Physiological Tolerance Mechanisms of Boreal Forest Tree Species to Climatic and Anthropogenic Stress Factors

  • Author / Creator
    Fleurial, Killian G.
  • Boreal plant and tree stress responses under climate change and anthropogenic disturbances have become an important research area due to a strong climate warming signal and large-scale anthropogenic pollution. This thesis investigates tree physiological response mechanisms to a variety of stressors that are particularly relevant to the reforestation and reclamation of boreal forests disturbed by oil sands development.
    In my first research chapter I use an experimental approach to observe tree growth and physiological traits under hypoxic or phytotoxic environments using 6 common boreal species that are known to have different sensitivities to hypoxia. The expectation tested is that species that are more sensitive to hypoxia will be compromised disproportionately by additional phytotoxic compounds. However, although chapter results show that root hypoxic conditions further reduced the survival, growth, and physiology of all plants exposed to oil sands tailings water, it was the more salt tolerant species that were disporportionaely affected. Specifically, hypoxia disrupted a salt sequestration mechanism in trembling aspen (Populus tremuloides) and may have inhibited an osmoregulative mechanism in black spruce (Picea mariana) needles. My results suggest that the preparation of reclamation sites impacted by tailings water should involve efforts to enhance soil aeration to minimize detrimental effects on plants.
    Then, to detect physiological responses to specific phytotoxic compounds, in my second research chapter I expose trembling aspen seedlings to a variety of “reconstituted tailings waters” by manipulating the tailings water composition and removing individual potentially phytotoxic compounds. For this experiment trembling aspen (Populus tremuloides) was used as it is widely employed in the reclamation of oil sands mining sites because of its early successional life history, relative tolerances to salinity, and high growth rates. Here, the results corroborated an inference from the first research chapter; that trembling aspen Na tolerance mechanisms at the root level involves the maintenance of membrane selectivity of K over Na and that it is a prerequisite for survival and growth in saline conditions. Furthermore, a pH dependent effect of naphtenic acids on plant roots was inadvertently revealed with results that suggest that lowering the pH of tailings might not be more favorable for plant growth if significant amounts of naphthenic acids are present. Thus, if tailings water is to be adjusted to a more neutral pH, extracting naphthenic acids or minimizing their contact with roots would be important for improving revegetation success.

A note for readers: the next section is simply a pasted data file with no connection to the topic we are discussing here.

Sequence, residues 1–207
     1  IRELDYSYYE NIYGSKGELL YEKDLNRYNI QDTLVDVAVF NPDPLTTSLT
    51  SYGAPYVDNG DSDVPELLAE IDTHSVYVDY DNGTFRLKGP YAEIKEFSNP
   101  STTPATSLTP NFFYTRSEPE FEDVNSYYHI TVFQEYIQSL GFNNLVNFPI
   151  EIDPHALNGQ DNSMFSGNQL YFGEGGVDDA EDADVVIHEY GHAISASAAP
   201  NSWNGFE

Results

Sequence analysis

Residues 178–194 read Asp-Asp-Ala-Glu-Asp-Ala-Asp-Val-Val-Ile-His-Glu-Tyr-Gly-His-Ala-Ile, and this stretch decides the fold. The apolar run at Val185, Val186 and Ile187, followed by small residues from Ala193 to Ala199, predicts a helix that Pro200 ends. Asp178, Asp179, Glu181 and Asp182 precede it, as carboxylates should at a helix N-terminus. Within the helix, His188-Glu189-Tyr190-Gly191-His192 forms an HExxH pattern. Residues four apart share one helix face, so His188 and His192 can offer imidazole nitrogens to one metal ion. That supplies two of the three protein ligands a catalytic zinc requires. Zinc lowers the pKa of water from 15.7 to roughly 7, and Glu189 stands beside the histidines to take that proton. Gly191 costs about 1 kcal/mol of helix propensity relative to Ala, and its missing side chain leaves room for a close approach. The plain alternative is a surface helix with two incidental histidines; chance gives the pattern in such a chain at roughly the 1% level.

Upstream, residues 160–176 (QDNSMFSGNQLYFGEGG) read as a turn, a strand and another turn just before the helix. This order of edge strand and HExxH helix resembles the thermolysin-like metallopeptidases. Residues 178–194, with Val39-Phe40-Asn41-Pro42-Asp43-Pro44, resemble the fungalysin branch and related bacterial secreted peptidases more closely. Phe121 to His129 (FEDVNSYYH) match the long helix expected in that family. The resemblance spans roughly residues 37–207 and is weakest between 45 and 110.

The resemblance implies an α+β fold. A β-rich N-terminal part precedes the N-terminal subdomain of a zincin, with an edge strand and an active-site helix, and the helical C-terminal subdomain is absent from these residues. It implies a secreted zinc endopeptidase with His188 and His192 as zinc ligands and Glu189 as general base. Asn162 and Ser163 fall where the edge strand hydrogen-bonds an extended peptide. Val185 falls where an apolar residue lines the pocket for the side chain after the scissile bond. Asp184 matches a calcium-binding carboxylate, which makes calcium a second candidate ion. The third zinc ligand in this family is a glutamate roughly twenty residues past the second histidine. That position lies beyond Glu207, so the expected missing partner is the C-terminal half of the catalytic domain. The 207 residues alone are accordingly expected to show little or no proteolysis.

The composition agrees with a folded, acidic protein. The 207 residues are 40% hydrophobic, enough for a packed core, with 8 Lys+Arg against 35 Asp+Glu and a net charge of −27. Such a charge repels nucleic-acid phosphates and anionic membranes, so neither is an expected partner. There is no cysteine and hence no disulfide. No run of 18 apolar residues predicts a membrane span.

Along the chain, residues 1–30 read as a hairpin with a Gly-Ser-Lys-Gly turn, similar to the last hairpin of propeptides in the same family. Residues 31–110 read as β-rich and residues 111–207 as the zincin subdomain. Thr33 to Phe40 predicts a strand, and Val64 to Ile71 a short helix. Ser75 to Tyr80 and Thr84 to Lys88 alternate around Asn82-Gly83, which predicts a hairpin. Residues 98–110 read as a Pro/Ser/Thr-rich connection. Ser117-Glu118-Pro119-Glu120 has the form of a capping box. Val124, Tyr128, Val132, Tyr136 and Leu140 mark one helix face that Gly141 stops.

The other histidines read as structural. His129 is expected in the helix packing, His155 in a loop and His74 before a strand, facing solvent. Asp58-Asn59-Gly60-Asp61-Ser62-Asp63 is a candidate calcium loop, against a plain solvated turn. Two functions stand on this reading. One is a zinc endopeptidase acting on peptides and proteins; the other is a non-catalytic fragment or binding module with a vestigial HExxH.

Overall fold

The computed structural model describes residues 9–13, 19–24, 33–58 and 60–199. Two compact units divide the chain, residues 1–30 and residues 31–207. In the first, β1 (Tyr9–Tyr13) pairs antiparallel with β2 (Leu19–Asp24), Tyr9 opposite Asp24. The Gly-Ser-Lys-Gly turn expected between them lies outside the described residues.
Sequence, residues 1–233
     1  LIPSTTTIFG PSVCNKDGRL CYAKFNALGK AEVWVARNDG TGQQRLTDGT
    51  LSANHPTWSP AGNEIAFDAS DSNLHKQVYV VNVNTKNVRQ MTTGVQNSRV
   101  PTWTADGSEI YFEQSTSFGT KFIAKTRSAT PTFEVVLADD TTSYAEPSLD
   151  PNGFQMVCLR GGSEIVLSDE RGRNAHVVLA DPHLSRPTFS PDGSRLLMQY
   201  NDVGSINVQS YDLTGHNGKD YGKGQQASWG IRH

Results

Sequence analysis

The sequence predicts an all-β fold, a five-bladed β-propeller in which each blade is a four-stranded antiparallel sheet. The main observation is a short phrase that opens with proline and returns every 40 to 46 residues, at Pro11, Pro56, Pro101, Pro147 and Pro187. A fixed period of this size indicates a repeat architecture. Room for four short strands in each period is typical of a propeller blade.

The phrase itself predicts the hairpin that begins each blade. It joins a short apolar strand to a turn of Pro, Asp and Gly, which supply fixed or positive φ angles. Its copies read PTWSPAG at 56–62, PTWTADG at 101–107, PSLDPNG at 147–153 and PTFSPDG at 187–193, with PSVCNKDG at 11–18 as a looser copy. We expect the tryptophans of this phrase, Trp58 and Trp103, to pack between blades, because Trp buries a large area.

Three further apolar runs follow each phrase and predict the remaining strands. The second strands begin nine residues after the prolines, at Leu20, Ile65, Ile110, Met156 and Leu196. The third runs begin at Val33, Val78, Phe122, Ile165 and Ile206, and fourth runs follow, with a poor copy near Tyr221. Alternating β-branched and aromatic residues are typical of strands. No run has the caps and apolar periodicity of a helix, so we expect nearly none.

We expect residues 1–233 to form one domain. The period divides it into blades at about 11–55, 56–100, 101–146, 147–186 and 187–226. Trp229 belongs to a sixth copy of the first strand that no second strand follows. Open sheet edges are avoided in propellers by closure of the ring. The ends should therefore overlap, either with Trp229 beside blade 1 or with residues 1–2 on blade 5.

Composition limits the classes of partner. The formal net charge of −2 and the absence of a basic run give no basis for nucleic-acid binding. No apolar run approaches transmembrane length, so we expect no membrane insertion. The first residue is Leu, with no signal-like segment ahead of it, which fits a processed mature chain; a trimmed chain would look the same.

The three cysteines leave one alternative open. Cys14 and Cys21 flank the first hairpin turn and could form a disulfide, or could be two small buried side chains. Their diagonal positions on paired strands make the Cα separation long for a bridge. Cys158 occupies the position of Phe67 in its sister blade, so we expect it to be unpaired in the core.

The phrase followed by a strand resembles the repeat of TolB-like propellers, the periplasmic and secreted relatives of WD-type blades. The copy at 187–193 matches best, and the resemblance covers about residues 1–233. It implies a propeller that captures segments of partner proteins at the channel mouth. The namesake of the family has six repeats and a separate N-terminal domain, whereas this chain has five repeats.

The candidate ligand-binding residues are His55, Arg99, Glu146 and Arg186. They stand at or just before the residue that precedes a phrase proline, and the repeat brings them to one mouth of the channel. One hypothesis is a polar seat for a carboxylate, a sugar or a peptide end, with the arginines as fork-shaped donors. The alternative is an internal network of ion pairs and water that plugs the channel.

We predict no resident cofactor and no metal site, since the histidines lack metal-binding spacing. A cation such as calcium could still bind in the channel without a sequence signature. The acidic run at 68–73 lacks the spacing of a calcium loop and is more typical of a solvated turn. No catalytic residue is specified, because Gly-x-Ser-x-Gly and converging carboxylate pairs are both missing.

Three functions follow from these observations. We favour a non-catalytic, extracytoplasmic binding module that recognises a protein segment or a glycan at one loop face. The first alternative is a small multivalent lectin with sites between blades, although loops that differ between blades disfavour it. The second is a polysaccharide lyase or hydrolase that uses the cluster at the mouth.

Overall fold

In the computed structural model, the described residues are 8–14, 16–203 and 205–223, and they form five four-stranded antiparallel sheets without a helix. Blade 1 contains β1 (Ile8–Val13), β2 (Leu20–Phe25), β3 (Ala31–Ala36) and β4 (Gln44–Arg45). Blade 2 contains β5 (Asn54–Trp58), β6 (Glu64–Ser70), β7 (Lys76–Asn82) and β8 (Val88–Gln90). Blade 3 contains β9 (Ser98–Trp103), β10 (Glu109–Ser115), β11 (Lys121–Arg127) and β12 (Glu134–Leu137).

Low non-negative root temperatures often elicit similar effects on plants as salinity, or drought, yet the subject remains understudied and underexposed. Thus, in my third research chapter I comment on recent findings on the topic and look to examine some of the ways trees may have adapted to avoid or tolerate lower root temperatures effects while maintaining growth and productivity. While lower soil temperatures restrict root hydraulic conductivity, and thus water uptake, often triggering stomatal closure, an increase in transmembrane aquaporin water transporters could partly compensate. Furthermore, though hydraulically risky, it may be that reduced stomatal control and a “willingness” to accept lower xylem water potentials is a strategy used to maintain productivity.
    Finally, in my fourth research chapter I further explore the importance of a tradeoff between hydraulic risk and productivity by experimentally investigating needle anatomy, foliar water uptake, and aquaporin expression under variable simulated drought conditions. By using branch samples collected from a white spuce (Picea glauca) provenance trial representing seed origins from throughout the range of the species the results can subsequently be related to the climate of provenance origin. Provenances with source climates characterized by cold and dry climatic conditions from the Yukon and northern Alberta had thinner Casparian strips and hypodermis layers and lost more water during needle dehydration. Foliar water uptake uptake was highest in northern and central Alberta (Boreal Plains), These anisohydric characteristics appear to imply that northwestern white spruce populations are anatomically maladapted to drought. However, this lack of radial foliar hydraulic resistance, along with regulated aquaporin expression, can also allow drought limited western provenances to take advantage of foliar wetting even when precipitation does not meaningfully wet the soil. In these populations foliar water uptake may be a coping strategy that has an overall net benefit to the plant’s water balance.

  • Subjects / Keywords
  • Graduation date
    Spring 2024
  • Type of Item
  • Degree
    Doctor of Philosophy
  • DOI
  • License
    This thesis is made available by the University of Alberta Libraries with permission of the copyright owner solely for non-commercial purposes. This thesis, or any portion thereof, may not otherwise be copied or reproduced without the written consent of the copyright owner, except to the extent permitted by Canadian copyright law.